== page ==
It is not yet uhuru for women in Kenya


During his recent visit, President Barack Obama clearly stated that for any society to progress, women have to be at the centre of it.

For Kenyan women to play their role in development, four key issues — entrepreneurship, education, security and governance — need to be addressed.

Women must be given equal access to credit, markets and land.

It has been demonstrated that a woman’s ability to enjoy and exercise her human rights fundamentally depends on having her own income.

Yet the economic opportunities for many women are restricted.

Kenya is an agricultural country and the sector accounts for 60 per cent of farm-derived income, with women contributing 80 per cent of the labour requirements.

Yet, despite this significant contribution, only about five per cent of women hold property titles and an insignificant one per cent own agricultural land.

Without land title deeds to act as collateral, women have limited access to credit.

Though the national government has tried to address this credit access issue by stipulating that 30 per cent of government contracts are awarded to women and youth and by starting the Women Enterprise Fund, more needs to be done.


Discriminatory laws based on culture, such as the non-inheritance of land by women, need to be done away with.

Education can eliminate harmful traits of culture.

Over the last decade, Kenya has made significant progress in education, achieving gender parity in primary school enrolment and near parity at secondary level.

But concerns, such as more than half of secondary school-age girls not enrolled, persist.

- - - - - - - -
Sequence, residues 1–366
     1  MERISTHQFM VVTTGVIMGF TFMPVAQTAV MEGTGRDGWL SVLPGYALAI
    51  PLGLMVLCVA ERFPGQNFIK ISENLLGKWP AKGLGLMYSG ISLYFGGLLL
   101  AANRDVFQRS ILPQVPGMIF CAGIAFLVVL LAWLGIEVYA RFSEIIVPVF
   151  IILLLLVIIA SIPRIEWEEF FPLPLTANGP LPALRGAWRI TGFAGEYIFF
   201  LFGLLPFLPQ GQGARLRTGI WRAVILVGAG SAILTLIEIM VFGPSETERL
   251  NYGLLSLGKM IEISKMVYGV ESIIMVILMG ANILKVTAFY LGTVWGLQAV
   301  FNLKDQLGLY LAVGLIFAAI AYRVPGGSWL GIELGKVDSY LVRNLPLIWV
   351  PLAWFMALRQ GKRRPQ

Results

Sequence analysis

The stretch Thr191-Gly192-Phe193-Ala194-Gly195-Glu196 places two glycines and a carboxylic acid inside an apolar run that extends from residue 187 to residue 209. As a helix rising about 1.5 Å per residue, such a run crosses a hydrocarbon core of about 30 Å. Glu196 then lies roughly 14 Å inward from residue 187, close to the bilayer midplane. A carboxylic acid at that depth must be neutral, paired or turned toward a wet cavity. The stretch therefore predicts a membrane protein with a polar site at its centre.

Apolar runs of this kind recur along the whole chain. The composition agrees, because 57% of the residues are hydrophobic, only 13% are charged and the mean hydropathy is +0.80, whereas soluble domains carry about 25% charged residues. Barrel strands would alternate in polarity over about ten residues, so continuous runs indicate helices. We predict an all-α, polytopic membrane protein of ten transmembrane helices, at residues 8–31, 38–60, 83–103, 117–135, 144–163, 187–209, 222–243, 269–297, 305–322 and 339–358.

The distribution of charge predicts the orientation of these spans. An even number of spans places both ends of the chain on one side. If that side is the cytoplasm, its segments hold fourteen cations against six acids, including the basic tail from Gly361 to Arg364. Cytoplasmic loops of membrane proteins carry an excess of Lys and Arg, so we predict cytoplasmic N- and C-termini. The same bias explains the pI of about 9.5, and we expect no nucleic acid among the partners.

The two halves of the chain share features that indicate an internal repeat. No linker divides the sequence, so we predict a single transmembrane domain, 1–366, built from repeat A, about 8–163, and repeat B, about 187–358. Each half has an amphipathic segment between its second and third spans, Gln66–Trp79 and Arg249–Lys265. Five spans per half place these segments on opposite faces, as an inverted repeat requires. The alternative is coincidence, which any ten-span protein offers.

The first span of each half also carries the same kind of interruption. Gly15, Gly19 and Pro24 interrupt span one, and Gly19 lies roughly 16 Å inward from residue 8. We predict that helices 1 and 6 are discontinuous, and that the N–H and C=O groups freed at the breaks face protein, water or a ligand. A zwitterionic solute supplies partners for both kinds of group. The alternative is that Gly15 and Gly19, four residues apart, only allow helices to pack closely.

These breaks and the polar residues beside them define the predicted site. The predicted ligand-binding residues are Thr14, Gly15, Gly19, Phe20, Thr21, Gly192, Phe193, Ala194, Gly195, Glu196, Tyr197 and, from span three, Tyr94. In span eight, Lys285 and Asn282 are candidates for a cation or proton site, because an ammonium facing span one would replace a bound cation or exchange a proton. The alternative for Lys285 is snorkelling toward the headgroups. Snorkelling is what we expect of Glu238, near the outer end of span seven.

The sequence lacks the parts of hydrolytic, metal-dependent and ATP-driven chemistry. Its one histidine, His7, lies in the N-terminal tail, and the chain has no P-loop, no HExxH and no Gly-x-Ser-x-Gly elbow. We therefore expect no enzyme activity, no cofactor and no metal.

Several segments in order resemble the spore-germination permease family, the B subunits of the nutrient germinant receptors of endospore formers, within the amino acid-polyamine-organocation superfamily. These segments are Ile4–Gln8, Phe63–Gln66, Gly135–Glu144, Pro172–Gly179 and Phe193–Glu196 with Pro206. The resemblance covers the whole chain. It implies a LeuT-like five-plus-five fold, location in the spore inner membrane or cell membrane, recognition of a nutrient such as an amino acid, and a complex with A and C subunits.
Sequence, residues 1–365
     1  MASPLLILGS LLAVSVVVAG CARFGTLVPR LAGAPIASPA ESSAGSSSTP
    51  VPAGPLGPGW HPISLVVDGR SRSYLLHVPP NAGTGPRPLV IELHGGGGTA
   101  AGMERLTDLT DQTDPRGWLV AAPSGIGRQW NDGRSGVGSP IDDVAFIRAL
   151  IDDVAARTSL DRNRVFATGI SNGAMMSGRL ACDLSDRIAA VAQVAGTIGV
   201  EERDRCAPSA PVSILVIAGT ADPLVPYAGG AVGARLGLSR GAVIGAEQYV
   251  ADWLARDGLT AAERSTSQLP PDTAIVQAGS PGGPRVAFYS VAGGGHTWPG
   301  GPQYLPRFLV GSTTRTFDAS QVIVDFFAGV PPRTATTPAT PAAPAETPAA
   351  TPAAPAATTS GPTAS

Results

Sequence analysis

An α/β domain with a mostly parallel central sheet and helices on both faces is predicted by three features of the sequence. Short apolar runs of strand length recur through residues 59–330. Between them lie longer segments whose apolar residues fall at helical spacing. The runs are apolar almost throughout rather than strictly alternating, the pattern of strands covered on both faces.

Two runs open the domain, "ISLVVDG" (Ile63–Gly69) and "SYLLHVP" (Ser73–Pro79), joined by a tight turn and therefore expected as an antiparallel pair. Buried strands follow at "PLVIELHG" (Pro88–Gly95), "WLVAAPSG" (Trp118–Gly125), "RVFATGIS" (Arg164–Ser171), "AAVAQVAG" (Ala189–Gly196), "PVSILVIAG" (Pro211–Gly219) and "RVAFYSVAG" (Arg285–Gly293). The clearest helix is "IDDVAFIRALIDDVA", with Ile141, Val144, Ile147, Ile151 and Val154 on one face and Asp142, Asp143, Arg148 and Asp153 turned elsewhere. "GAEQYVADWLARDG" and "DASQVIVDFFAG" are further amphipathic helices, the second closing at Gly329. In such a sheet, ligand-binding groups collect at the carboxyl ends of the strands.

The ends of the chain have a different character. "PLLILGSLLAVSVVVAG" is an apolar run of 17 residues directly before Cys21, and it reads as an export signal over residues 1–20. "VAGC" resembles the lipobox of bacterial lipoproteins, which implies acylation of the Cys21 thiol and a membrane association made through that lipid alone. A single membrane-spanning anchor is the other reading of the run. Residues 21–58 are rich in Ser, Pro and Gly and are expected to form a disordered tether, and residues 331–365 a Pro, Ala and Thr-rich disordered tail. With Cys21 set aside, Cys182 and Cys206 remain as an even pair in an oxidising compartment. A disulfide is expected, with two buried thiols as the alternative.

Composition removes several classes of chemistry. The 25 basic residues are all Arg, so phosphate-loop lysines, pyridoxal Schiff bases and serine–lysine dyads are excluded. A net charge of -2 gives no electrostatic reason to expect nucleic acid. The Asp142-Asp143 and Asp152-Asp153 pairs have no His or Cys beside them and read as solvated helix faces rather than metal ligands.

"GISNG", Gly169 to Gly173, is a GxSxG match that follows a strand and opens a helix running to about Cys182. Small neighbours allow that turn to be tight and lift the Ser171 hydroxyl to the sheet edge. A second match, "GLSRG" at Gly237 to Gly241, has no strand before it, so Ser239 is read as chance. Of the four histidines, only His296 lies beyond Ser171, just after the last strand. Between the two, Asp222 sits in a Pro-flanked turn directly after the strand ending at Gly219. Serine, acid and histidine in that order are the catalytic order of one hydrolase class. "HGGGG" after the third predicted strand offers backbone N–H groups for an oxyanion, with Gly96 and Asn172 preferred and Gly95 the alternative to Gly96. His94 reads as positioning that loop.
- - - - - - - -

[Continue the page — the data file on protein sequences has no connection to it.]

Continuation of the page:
One of the main reasons for this sorry state of affairs is the high level of poverty.

In the security sector, the war against violent extremism can only be won with the involvement of women.

Past efforts have left out women.

We shall not effectively counter radicalisation when half of our population is alienated.

Indeed, as Mr Obama said, it is stupid to go to war without half your army!

Women, for example, need to be more involved in the community policing programme.


Kenyan women have been left out of institutions of governance despite the fact that in 2000 the United Nations passed Resolution 1325, which calls for increased participation of women at all levels of decision-making.

It is not that women cannot make good leaders but socio-cultural attitudes continue to stereotype them as incapable of undertaking leadership roles.

Article 81 (b) of the Constitution states that not more than two-thirds of members of elective public bodies shall be of the same gender.

Despite this, Parliament has not achieved this requirement and is not even ready to put measures in place to achieve it despite a Supreme Court ruling to ensure its enactment by August 2015.

It is only when women have the freedom and capacity to reach their potential that Kenya will grow stronger.

This is a truth that our leaders do not need President Obama to remind them.